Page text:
I started it initially as a survivor myself in 2004, seeking justice. I’ve spent 8 years as a lawyer, 16 as an advocate. A fulfilling thing today in court: I helped a survivor here in Virginia first report to her college campus during a tough time, right when the Trump administration regulations had come out. She didn’t know if she wanted to come forward, but with my support decided to do that and we got the male student expelled. She testified and the case is now going to trial, because she had the courage. I see successes everyday. I think it’s a success just to have a survivor report, regardless of how the school responds. 

The toughest cases are ones where the survivor and even the witnesses are doing everything they can to hold someone accountable, and yet for whatever reason, the school isn’t being fair. You would think that it would be simple that schools would want safe campuses, and it is not a priority. They are worried about money and reputation. In all the painful cases I’ve ever seen, the school just didn’t want to find a person responsible. I am big on due process, just not unnecessary process. We’re not trying to make it harder than it has to be, we’re trying to make it as fair as can be.

I understand you became an attorney to make sure that others didn’t go through what you went through as a survivor. What is it like, fighting for people who you might see yourself in?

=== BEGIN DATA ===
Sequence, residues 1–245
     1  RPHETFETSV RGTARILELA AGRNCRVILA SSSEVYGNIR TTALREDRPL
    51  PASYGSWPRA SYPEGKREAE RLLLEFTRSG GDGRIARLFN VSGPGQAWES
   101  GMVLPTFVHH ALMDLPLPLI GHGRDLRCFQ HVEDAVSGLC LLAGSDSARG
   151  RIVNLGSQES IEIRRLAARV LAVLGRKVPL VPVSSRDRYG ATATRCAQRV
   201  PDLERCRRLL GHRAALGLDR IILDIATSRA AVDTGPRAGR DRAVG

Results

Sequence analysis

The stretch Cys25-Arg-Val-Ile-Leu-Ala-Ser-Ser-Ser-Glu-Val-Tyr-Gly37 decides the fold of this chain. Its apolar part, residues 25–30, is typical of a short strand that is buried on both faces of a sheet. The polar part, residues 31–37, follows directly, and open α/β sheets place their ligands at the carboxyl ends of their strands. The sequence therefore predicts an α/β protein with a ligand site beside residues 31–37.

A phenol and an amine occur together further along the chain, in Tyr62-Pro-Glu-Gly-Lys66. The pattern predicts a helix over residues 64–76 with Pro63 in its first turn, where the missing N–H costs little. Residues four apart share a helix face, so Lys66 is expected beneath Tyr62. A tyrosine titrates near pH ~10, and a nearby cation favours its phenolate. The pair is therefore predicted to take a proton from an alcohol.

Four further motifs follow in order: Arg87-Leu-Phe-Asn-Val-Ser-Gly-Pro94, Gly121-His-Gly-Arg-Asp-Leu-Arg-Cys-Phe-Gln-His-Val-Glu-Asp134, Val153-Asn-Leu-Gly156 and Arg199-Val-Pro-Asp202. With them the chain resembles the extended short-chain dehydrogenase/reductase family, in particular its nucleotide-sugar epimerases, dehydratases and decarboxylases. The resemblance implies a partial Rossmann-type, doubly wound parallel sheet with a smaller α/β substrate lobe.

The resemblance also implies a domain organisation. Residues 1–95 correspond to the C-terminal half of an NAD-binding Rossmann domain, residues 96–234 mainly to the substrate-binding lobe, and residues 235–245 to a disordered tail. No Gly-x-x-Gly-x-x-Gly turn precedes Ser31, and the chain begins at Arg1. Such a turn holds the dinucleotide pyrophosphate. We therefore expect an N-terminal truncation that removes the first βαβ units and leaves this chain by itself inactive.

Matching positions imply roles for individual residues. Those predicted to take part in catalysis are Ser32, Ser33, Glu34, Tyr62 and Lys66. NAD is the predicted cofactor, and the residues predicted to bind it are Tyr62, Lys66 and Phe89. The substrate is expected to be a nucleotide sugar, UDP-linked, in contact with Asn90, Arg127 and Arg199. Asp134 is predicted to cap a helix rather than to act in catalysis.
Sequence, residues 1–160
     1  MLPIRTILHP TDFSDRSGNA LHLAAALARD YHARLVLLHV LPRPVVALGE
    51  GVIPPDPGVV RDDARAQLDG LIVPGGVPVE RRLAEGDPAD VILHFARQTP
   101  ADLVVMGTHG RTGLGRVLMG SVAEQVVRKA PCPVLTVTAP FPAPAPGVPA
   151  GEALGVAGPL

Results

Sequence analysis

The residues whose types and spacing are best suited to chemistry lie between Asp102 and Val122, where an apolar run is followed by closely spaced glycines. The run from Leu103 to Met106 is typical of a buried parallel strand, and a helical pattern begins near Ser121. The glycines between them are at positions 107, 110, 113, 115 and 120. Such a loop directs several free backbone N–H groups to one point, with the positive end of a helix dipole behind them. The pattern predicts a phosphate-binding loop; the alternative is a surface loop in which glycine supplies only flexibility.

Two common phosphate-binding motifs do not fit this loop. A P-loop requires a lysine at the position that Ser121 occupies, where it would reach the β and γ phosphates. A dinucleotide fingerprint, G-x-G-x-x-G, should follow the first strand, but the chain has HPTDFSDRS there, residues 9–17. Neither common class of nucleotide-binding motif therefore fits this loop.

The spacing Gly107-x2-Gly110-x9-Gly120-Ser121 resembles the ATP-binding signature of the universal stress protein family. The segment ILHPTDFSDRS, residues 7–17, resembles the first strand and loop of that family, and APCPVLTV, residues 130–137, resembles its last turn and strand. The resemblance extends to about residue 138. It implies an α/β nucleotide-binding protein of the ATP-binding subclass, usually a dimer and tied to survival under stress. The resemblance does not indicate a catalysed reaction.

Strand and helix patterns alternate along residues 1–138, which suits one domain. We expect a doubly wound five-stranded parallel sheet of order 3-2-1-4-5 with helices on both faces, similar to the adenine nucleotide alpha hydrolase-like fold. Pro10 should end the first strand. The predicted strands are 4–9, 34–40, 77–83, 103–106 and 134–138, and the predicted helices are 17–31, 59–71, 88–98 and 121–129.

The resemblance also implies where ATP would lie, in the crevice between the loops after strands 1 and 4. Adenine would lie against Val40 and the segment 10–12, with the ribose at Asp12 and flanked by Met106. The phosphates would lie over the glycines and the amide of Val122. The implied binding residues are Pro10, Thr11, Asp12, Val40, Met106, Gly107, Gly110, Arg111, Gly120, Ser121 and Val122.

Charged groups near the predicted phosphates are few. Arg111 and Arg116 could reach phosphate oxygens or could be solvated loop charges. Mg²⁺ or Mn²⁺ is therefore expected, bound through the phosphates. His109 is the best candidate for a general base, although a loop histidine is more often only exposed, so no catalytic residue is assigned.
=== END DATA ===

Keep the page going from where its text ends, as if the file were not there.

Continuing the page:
People who have been directly affected are always the most effective advocates. I was a freshman at the University of Wisconsin. I had been a student athlete all through high school. I was honored to be part of the UW crew team, and trusted my teammates. A few of the male teammates made a decision when I was very intoxicated to take me off campus and rape me. That devastated my life. I lost a sense of who I was and how the world was.

At first I did what so many survivors did. I chose silence. During a summer class, a professor talked about how over 80% of sexual assaults are never reported, and I was like, ‘oh, that’s me.’ She said the school has to do something. She was talking about Title IX, and I didn’t know that. I didn’t know what my options were. No one is prepared for that ever. Why should they be? We shouldn’t be having this issue. Once I felt empowered to go to the school and report, I did. I didn’t want to be part of the silence.